Apple decided to pull the plug on Topsy recently. The service was a 2013 acquisition. As an oft-used resource by marketers for social analytics and deep Twitter searches, it’s time to take a moment to say RIP, Topsy. But this is also a good time to look at other social analytics tools you need to use now.
Social media has become so much more than just a commonplace platform for communication, it has evolved into an integral part of digital marketing. Businesses from all over the world turn to social networks, which help both big and small companies reach out to consumers. However, this marketing arena is getting more competitive by the day. The good news is...Get Free PDF
Analytics is slated to grow in the coming years, and not without a reason. As social media has become more pervasive, the need to ascertain ROI of social campaigns and consumer engagement is crucial.
Why Use Social Analytics?
Survey data shows marketers are using social media monitoring tools for managing campaigns, measuring engagement and also checking our competitors. Here’s interesting data from MarketingProfs:
“The survey of 125 marketers found that 60% of respondents use social media analytics tools for campaign tracking, 48% for brand analysis, and 40% for competitive intelligence. A large number also use social media analytics tools for customer care (36%), product launches (32%), and influencer ranking (27%)."
And these were also the key reasons why social media practitioners were using Topsy. Now based on the needs, here are a few tools that’ll fill in the Topsy space with their own set of capabilities
Social Analytics Tools You Need To Use NOW
Keyhole allows you to search for hashtags, and keywords on Instagram and Twitter. And dishes out dashboards of very valuable information – including influencers, top posts, reach, top pages and domains. They’ll also slice the data by demographics, platforms, keywords and hashtags. You can also save your searches for future.
Check the pro version as well, by getting a free trial available for everyone. What I find particularly interesting is the sophistication with which you can get your alerts. For any campaign keyword or hashtag, you can choose your influencers and drown out the noise in great details. Here’s how an alert setting system looks like. You can choose which alerts to get based on select information on Twitter and Instagram users.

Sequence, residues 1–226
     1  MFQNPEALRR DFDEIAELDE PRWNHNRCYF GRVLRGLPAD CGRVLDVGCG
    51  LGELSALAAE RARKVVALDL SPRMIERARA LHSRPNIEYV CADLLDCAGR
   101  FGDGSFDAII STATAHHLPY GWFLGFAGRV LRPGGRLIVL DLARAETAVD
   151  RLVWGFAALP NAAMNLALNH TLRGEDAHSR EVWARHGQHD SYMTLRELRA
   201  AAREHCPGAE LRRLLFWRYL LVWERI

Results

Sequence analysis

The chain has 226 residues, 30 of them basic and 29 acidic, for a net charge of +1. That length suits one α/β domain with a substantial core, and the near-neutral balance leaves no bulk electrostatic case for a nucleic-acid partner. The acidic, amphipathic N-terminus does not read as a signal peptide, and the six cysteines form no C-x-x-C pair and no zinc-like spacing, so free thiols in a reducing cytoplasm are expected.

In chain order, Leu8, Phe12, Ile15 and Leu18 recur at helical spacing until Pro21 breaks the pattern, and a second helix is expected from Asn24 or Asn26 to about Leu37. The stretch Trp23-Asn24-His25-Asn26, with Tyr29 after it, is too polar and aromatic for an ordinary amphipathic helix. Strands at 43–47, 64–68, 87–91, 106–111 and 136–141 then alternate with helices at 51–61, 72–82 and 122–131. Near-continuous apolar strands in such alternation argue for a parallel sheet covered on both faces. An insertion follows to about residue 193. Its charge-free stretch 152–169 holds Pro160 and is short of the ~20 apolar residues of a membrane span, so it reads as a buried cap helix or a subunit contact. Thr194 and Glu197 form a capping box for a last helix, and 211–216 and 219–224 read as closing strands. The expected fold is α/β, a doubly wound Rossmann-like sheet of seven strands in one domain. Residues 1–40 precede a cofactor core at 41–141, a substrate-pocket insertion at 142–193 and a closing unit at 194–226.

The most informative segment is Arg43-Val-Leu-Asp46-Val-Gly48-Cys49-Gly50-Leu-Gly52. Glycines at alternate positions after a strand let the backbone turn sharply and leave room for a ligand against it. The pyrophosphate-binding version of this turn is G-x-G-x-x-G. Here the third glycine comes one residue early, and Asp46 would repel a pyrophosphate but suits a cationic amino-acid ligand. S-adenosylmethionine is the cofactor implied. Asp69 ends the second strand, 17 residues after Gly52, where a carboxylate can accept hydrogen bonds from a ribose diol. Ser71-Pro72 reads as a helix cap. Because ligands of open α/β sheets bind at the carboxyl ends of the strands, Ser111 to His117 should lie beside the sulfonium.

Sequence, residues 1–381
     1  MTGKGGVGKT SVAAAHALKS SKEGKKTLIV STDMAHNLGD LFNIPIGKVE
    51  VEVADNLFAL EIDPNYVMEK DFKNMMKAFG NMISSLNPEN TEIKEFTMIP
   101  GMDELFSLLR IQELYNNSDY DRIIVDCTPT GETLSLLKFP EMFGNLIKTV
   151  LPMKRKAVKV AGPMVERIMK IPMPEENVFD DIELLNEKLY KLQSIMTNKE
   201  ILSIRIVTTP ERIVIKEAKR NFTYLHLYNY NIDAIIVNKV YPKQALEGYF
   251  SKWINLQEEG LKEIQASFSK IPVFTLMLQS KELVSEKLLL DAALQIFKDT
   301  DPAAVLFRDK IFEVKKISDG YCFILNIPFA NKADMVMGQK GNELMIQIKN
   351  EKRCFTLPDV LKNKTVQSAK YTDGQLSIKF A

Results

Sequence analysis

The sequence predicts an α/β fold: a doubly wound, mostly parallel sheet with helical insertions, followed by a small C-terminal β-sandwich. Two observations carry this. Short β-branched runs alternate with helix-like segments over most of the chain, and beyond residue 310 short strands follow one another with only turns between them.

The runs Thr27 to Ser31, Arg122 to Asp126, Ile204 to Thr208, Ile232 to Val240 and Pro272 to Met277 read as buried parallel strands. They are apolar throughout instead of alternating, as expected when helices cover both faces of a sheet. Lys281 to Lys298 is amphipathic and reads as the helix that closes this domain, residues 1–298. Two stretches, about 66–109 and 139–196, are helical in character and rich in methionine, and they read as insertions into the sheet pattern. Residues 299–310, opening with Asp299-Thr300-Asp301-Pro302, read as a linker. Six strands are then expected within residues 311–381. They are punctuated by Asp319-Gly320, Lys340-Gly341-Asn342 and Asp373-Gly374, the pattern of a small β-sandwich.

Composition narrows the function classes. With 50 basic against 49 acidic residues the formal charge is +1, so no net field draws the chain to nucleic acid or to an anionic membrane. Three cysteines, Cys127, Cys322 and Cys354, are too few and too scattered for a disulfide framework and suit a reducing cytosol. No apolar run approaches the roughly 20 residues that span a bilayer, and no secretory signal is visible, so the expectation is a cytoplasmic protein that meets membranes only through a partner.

You can also set a tracker volume and get alerts only when it significantly goes up avoiding twenty emails a day. The most useful tool is to be able to set a unique page URL where you can check all the data in one place for real time tracking.
I’m a Buzzsumo fan. It’s a great way to see the kind of content that’s making waves the world over. You can simply choose the time frame you’re interested in and enter your keyword or niche topic. You can also just enter a URL.
You can get a free pro trial run to see beneficial data on the content that’s doing well in your industry and niche. It also helps to identify influencers in your field.
My favorite Buzzsumo tool basically is the competitor research. You can enter the domain of your competitor, and the tool allows you to check what content from the domain is doing well. You can in fact also check your own domains to see top performing content easily. The tool also showcases and lets you export people who’re sharing the content that’s popular. It’s nifty when trying to access performance by competitors and trying to get your content game up.
Another cool tip is to check the backlinks from your own or a competitor’s popular content which you can target for furthering your content marketing plan.
Additionally, Buzzsumo works particularly well as a complement to SEMrush, which you'll want to utilize for monitoring popular keywords.
You can type in your keywords, hashtag, or username on TweetReach. Once you log in (with Twitter), it returns a snapshot of social media analytics including reach, exposure, activity over ten days and also contributors to the topic. Specifically for profiles you can also see a Twitter timeline and most retweeted tweets. The free version is helpful if you’re analyzing just 100 tweets.
It’s easy to do a simple competitor research or choose the keyword you’re following.
All of the tools have monthly/ yearly plans alongside the free versions with limited datasets.
And, while there are plenty others in the fray, the one that’s coming up, also next year is from social scheduling tool, Buffer.
#4 Coming up: Buffer.com:
Buffer just announced that they’ve acquired Respondly and will soon be launching a full fledged brand monitoring tool. This will also act as a customer service tool. Given Buffer’s original scheduling, image creation (Pablo) and analytical services (for free and premium rates), this could be an amazing addition. Being a fan of its content marketing tools and adventures, I really do hope to see a good product.
The service is being rebranded Respond and you can now register for early access. Currently with Buffer’s inbuilt analytics, you can check the performance of your social content across the channels you’ve added. A weekly report comes to your account describing what went well. And this tool is likely to take the analytics several notches up.
Which social analytics tools are you using for your teams? Let us know in the comments.